NC’s Incoming College Freshmen Unsure About Student Loans

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NORTH CAROLINA — The transition to college is a monumental step for many high school seniors across the country. Seventeen Magazine, with the help of The College Board, recently surveyed more than 110,000 students to discover what’s on the minds of incoming freshmen as they continue their educational journey.

The students were asked about everything from the cost of college to expectations for dorm life to their major field of study. For many, a big concern is how they’re going to pay for their college educations. Out of the incoming freshmen in North Carolina who responded to the survey, 43 percent said they planned to take out student loans. That number is slightly higher than the 40 percent national average, according to the survey.

The survey went to graduating high school seniors during April and May of 2019. Not all of the approximately 110,000 students who completed the survey responded to every question. Additionally, states weren’t ranked on questions that received fewer than 50 responses.

Seventeen Magazine and The College Board ranked the findings nationally, but broke down the data by state at Patch’s request.

Here’s what high school seniors in North Carolina said last spring about continuing on to college:

  • How many four-year colleges/universities did you apply to? 6.4
  • Are you planning on taking out loans to help pay for college? 43 percent said Yes
  • How would you rate your level of concern? 51 percent were very concerned
  • What was the hardest part of the college process? Figuring out how to get financial aid or scholarships
  • Which part of dorm life are you most nervous about? Getting along with roommates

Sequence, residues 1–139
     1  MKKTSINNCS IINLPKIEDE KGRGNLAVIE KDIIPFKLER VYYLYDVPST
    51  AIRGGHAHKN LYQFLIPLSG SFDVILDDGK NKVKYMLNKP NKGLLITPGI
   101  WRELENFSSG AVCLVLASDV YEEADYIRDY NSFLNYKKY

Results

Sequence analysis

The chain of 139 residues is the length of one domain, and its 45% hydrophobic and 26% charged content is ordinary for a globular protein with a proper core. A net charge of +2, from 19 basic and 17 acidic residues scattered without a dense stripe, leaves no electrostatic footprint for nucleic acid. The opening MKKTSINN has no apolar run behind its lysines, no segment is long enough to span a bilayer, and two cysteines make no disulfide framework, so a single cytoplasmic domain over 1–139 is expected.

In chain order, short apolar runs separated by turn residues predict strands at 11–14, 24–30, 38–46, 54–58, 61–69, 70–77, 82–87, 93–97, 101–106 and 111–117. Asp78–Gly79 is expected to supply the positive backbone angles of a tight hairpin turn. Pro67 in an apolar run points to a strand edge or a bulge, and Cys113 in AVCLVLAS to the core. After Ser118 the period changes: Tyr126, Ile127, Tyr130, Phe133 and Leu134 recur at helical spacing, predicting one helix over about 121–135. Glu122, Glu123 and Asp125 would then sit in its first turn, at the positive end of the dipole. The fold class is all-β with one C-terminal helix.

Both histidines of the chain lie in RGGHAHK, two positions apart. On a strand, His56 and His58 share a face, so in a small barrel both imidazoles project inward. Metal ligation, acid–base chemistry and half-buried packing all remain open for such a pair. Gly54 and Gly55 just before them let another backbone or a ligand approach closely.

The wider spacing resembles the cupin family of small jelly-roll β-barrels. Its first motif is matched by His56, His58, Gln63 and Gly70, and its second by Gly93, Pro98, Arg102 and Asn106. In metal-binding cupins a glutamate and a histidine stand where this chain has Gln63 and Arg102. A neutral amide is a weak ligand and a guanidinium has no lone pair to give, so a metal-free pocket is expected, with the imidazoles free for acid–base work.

• Are you planning on working a job while in college? 66 percent said yes
  • What was your most stressful part of high school? College planning
  • How many scholarships did you apply for? More than three
  • Why do you want to major in your field of choice? Passion for subject
  • Do you know the steps you need to take before your career begins? 49 percent said they were pretty sure they understood the steps needed to take
  • How often did teachers in high school assign you grades higher than deserved? 43 percent said “sometimes”

The final question was, “How much of an impact did the potential to save money in college have on your decision to take AP (advanced placement courses)?” In North Carolina the top answer was “strong impact.”

In total, 80 percent of graduating seniors said the biggest challenge facing them is the cost of college tuition and student loan debt, according to Seventeen Magazine. On a national scale, the survey also found that a staggering 90 percent of respondents are “very or somewhat” concerned about going into debt after graduation.

Despite these high figures, one-third of respondents didn’t apply for scholarships. Seventeen said they cited both “lack of time and information as well as lack of need as the main reasons why they opted not to” seek scholarships.

The survey also found that on average, students applied to six colleges or universities, about the same as students from North Carolina applied to. Overall, more than 50 percent of high school seniors who responded to the survey were nervous about the social aspect of college.

Patch reporter Gus Saltonstall contributed to this report.

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